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Why Inclusive Research Matters!

Research is the preserve of intellectuals, people who did too well at their a levels, people who did not want to leave university and enter the ‘real world’ once their degree was over.


Researchers are dusty out of touch people, stuck with their noses in books, disconnected from the real world, funded to do preposterous things like count how many eye lashes we lose in a day, or state the bloomin’ obvious at great expense.


People with profound intellectual and multiple disabilities are currently excluded from research, and what does it matter? It has nothing to do with them any way….or does it?


Research provides the evidence for evidenced based practice.


You wouldn’t want to pop a pill that hadn’t been thoroughly tested, likewise when decisions are made in your life, whether by you or by others, you want them made for good reasons. People with profound intellectual and multiple disabilities deserve evidenced based practice as much as the next person, so research is relevant to them. It might be relevant, but does it need them in it?


If I said I was going to do research about black people, but was not going to include any black people in my work, or research about gay experiences, without including any gay people, or….you get the idea.


It is common sense that research about a particular population should include that population. But maybe people with profound intellectual and multiple disabilities are the exception to this rule, after all if you are interviewing someone from a particular population demographic you can ask them about their experience, and they can tell you, people with profound intellectual disabilities cannot do that, so they cannot be included in research.


But concluding that people are hard to include is not the same as concluding that they should not be included; that they do not belong; that these processes do not effect their lives. For a recent galling example we can consider the do not resuscitate orders that were automatically placed on the medical records of people with learning disabilities during the COVID19 pandemic.


That decision will have been made based on an understanding of what makes a good life, what makes a life worthwhile, that understanding is based on an underpinning philosophy.

All of our decisions have their foundations in a philosophy somewhere or other, whether we know what those philosophies are or not.


Picking through our philosophical foundations, as I am required to do in my studies, can help us to recognise what we are basing our decisions on, and then we can decide whether we want these foundations or whether we might wish to switch.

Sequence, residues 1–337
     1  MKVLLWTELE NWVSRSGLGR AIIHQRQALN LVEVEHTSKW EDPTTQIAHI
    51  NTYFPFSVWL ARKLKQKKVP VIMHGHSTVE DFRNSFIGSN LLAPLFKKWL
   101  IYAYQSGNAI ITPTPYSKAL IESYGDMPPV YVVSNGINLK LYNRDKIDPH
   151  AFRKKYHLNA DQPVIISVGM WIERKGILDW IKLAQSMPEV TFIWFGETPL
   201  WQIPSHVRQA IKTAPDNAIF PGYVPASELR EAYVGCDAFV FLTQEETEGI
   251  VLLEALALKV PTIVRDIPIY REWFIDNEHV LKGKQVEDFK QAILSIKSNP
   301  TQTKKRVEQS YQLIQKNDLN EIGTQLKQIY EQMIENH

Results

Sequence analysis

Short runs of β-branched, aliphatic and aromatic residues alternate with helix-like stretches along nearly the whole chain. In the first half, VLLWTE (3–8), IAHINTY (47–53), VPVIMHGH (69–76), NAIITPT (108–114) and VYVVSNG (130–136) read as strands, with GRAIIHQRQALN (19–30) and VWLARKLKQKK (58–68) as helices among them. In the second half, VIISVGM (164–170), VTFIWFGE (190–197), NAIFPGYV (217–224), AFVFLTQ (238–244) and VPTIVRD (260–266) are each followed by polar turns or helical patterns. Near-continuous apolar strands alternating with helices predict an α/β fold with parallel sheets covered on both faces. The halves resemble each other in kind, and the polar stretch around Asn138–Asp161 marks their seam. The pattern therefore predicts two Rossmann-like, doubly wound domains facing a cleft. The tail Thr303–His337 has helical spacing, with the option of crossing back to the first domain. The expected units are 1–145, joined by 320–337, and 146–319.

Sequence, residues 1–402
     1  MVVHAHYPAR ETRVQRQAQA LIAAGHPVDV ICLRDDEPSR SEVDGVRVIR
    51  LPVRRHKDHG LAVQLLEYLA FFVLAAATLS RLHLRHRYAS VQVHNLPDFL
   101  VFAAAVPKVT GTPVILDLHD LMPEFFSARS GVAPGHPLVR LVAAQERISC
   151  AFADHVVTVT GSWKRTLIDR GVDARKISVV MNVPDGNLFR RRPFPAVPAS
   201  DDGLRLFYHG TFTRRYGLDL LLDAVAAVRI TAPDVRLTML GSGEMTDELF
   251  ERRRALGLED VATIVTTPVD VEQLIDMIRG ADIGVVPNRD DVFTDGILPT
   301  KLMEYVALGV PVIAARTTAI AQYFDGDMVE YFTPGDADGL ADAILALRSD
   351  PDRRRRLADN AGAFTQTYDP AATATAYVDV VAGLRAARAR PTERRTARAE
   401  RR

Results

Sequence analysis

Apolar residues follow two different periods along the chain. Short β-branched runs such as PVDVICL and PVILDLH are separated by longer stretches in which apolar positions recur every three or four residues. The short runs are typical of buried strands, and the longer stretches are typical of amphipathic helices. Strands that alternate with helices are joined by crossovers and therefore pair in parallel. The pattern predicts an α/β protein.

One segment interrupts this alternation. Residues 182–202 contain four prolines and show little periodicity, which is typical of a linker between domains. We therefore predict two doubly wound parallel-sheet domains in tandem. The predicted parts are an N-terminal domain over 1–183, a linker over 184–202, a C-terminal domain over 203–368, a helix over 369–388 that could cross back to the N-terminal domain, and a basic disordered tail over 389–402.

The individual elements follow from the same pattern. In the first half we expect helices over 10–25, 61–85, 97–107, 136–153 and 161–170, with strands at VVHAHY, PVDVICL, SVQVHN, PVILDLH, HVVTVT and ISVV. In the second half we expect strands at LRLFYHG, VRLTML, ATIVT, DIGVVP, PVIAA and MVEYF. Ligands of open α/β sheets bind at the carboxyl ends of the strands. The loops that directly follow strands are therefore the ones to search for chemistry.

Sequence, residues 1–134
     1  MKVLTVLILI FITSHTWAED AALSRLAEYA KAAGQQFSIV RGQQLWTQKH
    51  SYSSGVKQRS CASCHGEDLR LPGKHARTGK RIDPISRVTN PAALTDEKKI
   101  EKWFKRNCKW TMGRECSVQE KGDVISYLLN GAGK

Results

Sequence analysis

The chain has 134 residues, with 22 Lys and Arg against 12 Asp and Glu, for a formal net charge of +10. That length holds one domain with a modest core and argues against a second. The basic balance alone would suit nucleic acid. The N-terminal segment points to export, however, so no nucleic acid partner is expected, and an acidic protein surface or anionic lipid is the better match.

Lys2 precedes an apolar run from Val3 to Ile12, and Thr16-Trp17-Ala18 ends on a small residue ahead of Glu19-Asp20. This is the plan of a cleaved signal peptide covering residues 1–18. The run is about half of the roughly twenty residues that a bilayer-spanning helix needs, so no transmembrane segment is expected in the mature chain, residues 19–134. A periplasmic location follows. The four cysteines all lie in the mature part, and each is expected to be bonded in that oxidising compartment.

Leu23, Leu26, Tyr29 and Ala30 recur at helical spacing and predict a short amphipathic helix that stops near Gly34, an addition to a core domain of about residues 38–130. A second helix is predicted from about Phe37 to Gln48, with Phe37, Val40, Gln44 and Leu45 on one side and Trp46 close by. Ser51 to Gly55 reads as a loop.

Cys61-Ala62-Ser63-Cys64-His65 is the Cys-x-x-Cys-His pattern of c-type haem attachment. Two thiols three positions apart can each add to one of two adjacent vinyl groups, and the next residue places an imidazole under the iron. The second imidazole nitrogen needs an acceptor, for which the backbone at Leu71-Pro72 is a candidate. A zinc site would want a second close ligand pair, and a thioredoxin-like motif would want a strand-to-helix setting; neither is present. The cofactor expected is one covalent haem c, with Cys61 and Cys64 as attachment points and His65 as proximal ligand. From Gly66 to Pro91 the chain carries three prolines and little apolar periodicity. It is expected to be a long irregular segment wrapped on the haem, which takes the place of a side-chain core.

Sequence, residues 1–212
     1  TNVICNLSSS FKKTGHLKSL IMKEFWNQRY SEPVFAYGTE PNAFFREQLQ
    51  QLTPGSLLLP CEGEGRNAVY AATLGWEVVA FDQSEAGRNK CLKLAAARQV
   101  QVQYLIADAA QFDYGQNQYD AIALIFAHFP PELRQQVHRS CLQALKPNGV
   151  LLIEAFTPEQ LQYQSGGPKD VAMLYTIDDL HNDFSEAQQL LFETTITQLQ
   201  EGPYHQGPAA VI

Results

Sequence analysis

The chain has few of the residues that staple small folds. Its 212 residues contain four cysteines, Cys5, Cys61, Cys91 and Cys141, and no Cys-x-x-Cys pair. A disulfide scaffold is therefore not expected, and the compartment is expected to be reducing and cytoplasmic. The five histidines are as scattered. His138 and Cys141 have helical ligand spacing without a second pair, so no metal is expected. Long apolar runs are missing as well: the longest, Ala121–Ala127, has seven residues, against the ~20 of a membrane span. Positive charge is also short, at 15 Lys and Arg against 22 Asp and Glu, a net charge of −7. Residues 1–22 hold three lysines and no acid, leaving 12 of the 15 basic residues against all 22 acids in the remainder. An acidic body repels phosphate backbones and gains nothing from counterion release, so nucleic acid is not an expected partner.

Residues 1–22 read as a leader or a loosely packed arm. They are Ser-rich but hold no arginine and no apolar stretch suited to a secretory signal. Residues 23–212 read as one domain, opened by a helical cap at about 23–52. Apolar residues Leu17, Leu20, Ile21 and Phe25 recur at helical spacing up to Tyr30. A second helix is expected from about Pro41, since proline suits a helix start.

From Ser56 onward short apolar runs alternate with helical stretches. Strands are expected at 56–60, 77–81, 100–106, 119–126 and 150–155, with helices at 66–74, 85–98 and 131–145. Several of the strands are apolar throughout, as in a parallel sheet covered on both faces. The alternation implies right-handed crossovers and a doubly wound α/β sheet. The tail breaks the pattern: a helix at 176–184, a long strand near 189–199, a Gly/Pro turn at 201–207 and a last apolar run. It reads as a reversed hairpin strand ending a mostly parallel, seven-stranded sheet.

To give an example, in the Western world we tend to value independence over other concepts – which leads us to doing things like striving to promote independence at every level, where as other thought traditions value interdependence, recognising that we all exist as a part of a community, a family, a world, valuing interdependence over independence leads to the promotion of collaborative acts rather than independent acts.


I could go on expressing how people are made vulnerable through their exclusion from research, people with profound intellectual and multiple disabilities are among the most excluded from research, and I am sure you can think of other populations who have missed out too, but…. It is not just about how they are missing out, we are missing out too.


If you have worked with people with profound intellectual and multiple disabilities, or if you have loved ones with profound intellectual and multiple disabilities then I am willing to bet you have heard someone say “they have taught me more than I have taught them” or “I have learned so much from them”.


They cannot reason, they might not be able to remember, they do not have access to standardised forms of communication, but their lives hold meaning.


Meaning that is about more than memory, and talking. In my undergraduate philosophy degree when I read philosophers discussing what makes a human human some would mention people with intellectual disabilities as exceptions, those of us who can think are human and those other people are more like animals.


Happily now in my doctoral studies I read philosophers saying the opposite, these people are not exceptions to humanity, they are essentially human, and if we want to understand the human experience, for our own sakes as well as for theirs, then they should be included in that endeavour.


If you want to see how I get on, with my own small attempt to do that, do come and connect with me on social media (on Facebook, Twitter, LinkedIn & Instagram), it’s been a wonderful, exhausting and strange journey so far and I am only half way through!

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